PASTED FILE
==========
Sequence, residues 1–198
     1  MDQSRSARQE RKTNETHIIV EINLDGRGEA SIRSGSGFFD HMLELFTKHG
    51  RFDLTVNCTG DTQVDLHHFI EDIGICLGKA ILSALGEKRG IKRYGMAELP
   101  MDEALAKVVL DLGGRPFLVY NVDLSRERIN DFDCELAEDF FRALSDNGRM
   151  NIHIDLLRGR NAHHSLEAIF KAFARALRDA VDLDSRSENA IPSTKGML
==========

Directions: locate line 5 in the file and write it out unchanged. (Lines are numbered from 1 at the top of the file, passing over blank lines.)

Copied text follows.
   151  NIHIDLLRGR NAHHSLEAIF KAFARALRDA VDLDSRSENA IPSTKGML